What is continual learning?
Academics and practitioners alike believe that continual learning (CL) is a fundamental step towards artificial intelligence. Continual learning is the ability of a model to learn continually from a stream of data. In practice, this means supporting the ability of a model to autonomously learn and adapt in production as new data comes in. Some may know it as auto-adaptive learning, or continual AutoML. The idea of CL is to mimic humans ability to continually acquire, fine-tune, and transfer knowledge and skills throughout their lifespan. As you know, in machine learning, the goal is to deploy models through a production environment. With continual learning, we want to use the data that is coming into the production environment and retrain the model based on the new activity. For example, we’ve all experienced Netflix’s highly successful recommender system for “Up Next”. Netflix recommender system suggests a show directly after your last episode has ended, and is normally hard to resist as the seconds drop. That kind of model in production is something that needs to be retrained periodically because there are new movies, new tastes, and new trends in the market. With continual learning, the goal is to use data that is coming in, and use it to automatically retrain the model, so you can really gain high accuracy and retain high performing models.
Why do we need continual learning?
The answer is pretty simple – data is changing. Data could be changing because of trends, or because of different actions made by the users. For example, Amazon best sellers from the year 2000, was the Harry Potter book. Today, you might be surprised to find out the best seller is a completely different genre: Fire and Fury: Inside the Trump White House.
So, Amazon would have to retrain the model and recommend new books to their customers based on new data and trends. A bit more updated example is the bitcoin price before the huge drop. In 2017, the bitcoin was worth $19K. About a month and a half later, it dropped to $6K.
Not only is data changing but, researchers have expressed that “lifelong learning remains a long-standing challenge for machine learning and neural network models since the continual acquisition of incrementally available information from non-stationary data distributions generally leads to catastrophic forgetting or interference.” The case for continual learning remains strong. For data scientists, continual learning will ultimately optimize models for accuracy, improve model performance, and save retraining time by making models auto-adaptive.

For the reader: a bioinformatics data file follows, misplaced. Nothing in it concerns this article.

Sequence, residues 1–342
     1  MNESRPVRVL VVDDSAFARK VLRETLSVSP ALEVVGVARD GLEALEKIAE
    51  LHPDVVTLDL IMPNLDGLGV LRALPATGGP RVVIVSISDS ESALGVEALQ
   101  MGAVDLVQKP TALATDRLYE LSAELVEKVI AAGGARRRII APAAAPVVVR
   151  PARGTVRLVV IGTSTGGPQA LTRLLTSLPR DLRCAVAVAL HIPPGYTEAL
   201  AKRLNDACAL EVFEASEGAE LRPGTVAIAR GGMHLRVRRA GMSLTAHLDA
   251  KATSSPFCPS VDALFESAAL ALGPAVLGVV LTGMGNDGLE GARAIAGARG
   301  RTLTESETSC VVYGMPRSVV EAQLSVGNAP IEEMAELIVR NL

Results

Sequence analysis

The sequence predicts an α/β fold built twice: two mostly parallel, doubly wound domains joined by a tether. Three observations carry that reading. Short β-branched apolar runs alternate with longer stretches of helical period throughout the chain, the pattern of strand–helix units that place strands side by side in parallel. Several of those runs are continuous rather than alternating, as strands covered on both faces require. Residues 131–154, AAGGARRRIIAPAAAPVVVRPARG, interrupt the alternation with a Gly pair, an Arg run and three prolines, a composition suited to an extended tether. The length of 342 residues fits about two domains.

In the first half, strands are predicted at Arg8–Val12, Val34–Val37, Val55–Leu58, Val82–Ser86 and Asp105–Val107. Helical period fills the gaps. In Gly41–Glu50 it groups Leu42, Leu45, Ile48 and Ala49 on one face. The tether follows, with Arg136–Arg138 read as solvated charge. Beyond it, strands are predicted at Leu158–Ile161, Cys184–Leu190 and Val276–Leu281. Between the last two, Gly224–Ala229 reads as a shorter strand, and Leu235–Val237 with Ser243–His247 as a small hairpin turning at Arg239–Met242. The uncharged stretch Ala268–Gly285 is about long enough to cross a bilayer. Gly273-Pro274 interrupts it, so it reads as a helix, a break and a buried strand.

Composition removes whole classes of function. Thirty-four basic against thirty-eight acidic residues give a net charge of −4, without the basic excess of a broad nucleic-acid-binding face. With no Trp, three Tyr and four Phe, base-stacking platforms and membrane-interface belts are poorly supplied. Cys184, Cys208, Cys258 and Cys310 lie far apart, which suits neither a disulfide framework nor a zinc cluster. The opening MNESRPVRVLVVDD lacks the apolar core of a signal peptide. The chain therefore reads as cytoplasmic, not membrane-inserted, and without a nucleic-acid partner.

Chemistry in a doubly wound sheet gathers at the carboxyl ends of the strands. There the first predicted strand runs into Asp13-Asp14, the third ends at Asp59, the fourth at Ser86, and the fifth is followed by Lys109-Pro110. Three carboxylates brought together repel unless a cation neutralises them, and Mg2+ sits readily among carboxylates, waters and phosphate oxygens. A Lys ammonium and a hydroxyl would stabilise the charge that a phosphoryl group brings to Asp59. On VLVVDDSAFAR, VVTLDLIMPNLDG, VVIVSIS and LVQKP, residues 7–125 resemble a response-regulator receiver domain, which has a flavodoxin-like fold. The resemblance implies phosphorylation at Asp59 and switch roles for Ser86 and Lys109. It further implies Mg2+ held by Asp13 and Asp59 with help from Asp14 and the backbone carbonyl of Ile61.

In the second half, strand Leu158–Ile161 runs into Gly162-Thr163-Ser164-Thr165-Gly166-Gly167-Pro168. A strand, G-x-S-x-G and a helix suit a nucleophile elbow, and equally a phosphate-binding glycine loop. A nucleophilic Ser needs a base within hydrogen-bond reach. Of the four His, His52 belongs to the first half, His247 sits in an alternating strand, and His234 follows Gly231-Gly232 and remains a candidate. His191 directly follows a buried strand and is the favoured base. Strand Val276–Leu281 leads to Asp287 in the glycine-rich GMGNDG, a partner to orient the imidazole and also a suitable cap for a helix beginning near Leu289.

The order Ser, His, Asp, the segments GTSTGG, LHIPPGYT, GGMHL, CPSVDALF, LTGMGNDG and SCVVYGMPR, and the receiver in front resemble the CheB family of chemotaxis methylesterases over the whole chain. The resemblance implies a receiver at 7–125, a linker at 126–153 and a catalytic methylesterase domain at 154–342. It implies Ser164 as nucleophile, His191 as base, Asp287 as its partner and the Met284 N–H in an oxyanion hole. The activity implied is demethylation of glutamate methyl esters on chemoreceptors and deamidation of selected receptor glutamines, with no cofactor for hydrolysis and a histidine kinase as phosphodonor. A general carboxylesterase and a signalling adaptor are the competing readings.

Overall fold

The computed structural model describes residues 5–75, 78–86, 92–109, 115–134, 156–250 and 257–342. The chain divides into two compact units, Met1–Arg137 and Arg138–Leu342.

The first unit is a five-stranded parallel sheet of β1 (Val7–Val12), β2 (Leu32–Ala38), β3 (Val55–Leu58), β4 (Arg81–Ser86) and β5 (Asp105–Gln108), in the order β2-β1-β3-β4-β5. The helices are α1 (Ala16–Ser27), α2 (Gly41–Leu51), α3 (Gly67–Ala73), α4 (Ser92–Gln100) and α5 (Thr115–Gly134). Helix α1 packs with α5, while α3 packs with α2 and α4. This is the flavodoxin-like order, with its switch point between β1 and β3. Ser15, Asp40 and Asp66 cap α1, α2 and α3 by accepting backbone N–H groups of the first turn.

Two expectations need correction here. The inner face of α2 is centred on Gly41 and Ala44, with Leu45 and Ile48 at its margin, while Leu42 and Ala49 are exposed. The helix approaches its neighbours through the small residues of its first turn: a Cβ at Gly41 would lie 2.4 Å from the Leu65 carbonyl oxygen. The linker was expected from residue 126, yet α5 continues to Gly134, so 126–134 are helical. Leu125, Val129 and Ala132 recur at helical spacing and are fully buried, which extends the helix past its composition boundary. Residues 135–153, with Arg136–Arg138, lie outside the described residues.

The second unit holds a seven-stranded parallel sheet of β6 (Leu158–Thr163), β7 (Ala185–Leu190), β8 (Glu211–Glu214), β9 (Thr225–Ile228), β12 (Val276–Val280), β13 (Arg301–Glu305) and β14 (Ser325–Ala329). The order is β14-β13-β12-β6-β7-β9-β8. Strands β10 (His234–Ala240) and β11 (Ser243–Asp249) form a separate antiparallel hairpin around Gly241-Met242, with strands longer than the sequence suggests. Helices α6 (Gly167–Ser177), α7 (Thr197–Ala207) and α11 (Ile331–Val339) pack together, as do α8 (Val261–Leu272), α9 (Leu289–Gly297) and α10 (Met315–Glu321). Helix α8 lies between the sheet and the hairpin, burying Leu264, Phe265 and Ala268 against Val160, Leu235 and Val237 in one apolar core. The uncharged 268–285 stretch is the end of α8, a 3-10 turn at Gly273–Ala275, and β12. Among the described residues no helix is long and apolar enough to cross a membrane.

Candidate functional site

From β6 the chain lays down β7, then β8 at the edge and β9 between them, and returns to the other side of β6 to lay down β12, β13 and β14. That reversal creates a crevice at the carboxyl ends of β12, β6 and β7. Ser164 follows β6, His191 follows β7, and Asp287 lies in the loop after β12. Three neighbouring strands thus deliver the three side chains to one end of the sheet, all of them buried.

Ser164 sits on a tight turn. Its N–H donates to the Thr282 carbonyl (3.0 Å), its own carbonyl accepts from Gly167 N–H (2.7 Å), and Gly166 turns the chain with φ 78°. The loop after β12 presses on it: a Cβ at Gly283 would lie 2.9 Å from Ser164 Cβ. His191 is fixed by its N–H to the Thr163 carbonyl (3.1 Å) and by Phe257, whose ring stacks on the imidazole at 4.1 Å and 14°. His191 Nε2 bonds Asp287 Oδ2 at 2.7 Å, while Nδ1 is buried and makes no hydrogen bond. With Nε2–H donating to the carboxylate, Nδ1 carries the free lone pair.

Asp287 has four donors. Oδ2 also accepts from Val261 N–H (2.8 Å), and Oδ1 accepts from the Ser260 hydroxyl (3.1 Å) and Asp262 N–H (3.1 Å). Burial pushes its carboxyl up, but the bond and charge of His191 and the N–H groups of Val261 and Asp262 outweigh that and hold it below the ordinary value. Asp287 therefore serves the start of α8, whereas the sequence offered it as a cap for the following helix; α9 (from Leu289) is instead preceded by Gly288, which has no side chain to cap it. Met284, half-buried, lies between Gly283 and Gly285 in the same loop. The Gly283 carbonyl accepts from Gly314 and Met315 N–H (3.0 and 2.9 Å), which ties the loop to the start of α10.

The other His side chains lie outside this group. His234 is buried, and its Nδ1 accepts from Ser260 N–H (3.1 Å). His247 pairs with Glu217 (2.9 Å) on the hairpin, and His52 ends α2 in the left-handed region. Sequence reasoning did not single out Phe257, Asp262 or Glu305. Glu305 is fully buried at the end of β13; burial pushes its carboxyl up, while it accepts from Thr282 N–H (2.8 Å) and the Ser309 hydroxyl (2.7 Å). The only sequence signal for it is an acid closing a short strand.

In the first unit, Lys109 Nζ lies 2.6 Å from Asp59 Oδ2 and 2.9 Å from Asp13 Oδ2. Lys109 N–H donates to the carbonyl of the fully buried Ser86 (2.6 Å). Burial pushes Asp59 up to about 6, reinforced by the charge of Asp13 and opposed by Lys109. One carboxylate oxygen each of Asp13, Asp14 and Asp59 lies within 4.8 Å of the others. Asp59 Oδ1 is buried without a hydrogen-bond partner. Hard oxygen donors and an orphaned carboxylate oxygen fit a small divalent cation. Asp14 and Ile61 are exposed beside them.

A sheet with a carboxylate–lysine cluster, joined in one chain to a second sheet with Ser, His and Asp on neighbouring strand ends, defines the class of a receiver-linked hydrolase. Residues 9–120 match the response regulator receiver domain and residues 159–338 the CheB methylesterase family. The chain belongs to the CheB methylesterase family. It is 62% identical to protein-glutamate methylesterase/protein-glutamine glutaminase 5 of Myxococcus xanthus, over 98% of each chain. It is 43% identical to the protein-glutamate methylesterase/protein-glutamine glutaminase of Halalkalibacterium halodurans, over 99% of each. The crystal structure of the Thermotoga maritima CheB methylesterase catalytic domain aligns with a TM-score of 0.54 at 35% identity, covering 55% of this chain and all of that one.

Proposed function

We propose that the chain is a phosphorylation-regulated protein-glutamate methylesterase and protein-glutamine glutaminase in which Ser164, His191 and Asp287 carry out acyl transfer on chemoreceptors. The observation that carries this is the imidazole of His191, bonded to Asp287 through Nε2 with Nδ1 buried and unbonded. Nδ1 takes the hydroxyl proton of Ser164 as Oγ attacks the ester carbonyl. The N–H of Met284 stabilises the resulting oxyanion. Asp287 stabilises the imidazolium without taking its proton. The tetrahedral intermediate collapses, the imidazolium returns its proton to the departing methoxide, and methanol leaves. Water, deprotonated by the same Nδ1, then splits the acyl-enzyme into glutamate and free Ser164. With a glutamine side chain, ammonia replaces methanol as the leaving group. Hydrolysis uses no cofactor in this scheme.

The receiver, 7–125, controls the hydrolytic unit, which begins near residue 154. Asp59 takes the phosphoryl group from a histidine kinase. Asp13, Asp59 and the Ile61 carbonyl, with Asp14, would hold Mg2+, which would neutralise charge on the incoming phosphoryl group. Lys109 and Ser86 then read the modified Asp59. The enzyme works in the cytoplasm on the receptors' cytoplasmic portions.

Machine learning pipeline with continual learning
The diagram above illustrates what an ml pipeline looks like in the production environment with continual learning applied. You’ll notice that the pipeline looks much like any other machine learning pipeline. We must have the data, some sort of validation. This could include tests, or internal benchmarks such as determining the quality of data. It could also be pre-processing that you operate.
Next, in the pipeline is AutoML. AutoML in continual learning is a very important part of the pipeline and is similar to the training step in a typical machine learning pipeline. But, we will touch more on that later.
After training, you’ll do some model validations to test the models, and make sure all of them are working well. Here you can also pick the best one, and deploy it to the production environment. Thus far, the pipeline looks like a classic machine learning pipeline. In order to apply continual learning we add monitoring and connect the loop back to the data.
Predictions that are being collected in the model deployment area will be monitored. Once monitored you will clean the data and label it if required. But, for something like a recommender system or forecasting, you’ll just be able to close the loop without the human labeling. After labeling and cleaning the data, we’ll move it back to the data to repeat the training and validation process again. Now we have closed the loop like a flywheel.
AutoML in the continual learning pipeline
AutoML is an important component for applying continual learning because we are working with a constant stream of data. You could keep it simple and just retrain the same algorithm with the same parameters, but because we still want to gain really high accuracy we’re going to use AutoML.
AutoML doesn’t have to be really complicated meta learning. You can just use hyperparameter optimization, open-source algorithms and frameworks — and you’ll be surprised how simple it is. As part of your research, when you start working on your machine learning pipeline, you’ll have to select your algorithm space. For example, if you’re doing a computer vision problem, might want to use transfer-learning as the training algorithms. With transfer-learning, you have a lot of pre-trained models that you can use to retrain only the last layer of the network, and then have your model deployed.
In this case, you’d select one of the popular pre-built models like VGG, Inception, ResNet and a few others. For each model, we also have to specify its range of parameters.
This could turn into a really big computational problem. It is up to you as a data scientist to really research what kind of algorithm and parameters are going to be useful for your machine learning problem.
AutoML links: AutoKeras, Auto SciKitLearn, FeatureTools for feature engineering
Track your AutoML